Having philanthropy as a core value requires that everyone in the organisation understands the unique nature of philanthropy and the role they can play in its development, including being able to articulate the case for support. That case should be emotional, compelling and embody the problem the organisation seeks to address, the solution to that problem and the urgency necessary to drive a response.

Boards also need to be cognizant of the role that they should be playing to support fundraising, including offering a personally meaningful gift each year to support the organisation’s work. Doing so sends an immensely powerful signal to fundraisers about how valued what they do truly is. Organisations with a strong philanthropic culture recognise and respect the professionals that conduct their fundraising and they defer to their judgement in the setting of strategy and the setting of appropriate priorities for innovation. They also celebrate the successes of philanthropy in the same way that they celebrate their successes in programme delivery. Both matter. Both are significant.

What our new report delivers is the evidence that culture does indeed drive fundraising performance. In a sense that sounds obvious. In the business world organisations have long focused, for example, on a sales culture, a market-oriented culture or a learning culture, secure in the knowledge that doing so delivers them higher performance. But in the context of fundraising and philanthropy, what drives performance is a culture unique to the voluntary sector – a philanthropic culture.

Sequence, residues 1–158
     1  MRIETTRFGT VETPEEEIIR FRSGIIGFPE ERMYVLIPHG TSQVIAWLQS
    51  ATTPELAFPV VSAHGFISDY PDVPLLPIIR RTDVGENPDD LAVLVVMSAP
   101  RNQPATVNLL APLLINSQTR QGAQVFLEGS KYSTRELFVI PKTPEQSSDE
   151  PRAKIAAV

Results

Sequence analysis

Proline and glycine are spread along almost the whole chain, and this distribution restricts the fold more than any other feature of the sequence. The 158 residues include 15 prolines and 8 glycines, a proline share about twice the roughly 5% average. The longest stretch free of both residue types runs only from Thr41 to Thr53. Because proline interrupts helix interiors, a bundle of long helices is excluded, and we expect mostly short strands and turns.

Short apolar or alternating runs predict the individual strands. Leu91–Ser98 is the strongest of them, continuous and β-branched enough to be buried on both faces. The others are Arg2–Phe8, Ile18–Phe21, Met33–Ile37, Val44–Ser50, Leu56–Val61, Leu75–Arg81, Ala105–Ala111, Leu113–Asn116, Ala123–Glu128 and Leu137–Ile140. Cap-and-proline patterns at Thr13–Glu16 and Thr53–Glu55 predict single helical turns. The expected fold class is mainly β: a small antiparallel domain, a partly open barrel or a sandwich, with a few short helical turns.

Now we have the evidence, let this be a catalyst for change – an agenda item for your next Board meeting and an opportunity to further inspire everyone across the organisation with the recognition that they are part of a philanthropic movement. Because a philanthropic culture isn’t just a nice to have – it’s a critical feature of a financially successful nonprofit.


Adrian Sargeant

Adrian Sargeant

Adrian Sargeant is director of the Institute for Sustainable Philanthropy. He is widely considered the world’s foremost fundraising academic, formerly holding the Hartsook Chair in Fundraising at the Lilly Family School of Philanthropy at Indiana University. He also holds visiting appointments at Avila University and the Australian Centre for Philanthropy and Nonprofit Studies, Queensland University of Technology. Professor Sargeant has published more than 10 books and around 150 peer reviewed academic publications in the domain of individual giving, fundraising and nonprofit marketing.

1 Comment

Ofhsoupkitchen · October 21, 2020 at 12:07 pm

Absolutely! And the extent to which philanthropy is truly celebrated and embedded as a core value. We should look at what organizations should do, but also quantify the difference that each dimension can actually make to the performance.

Leave a Reply

Your email address will not be published. Required fields are marked *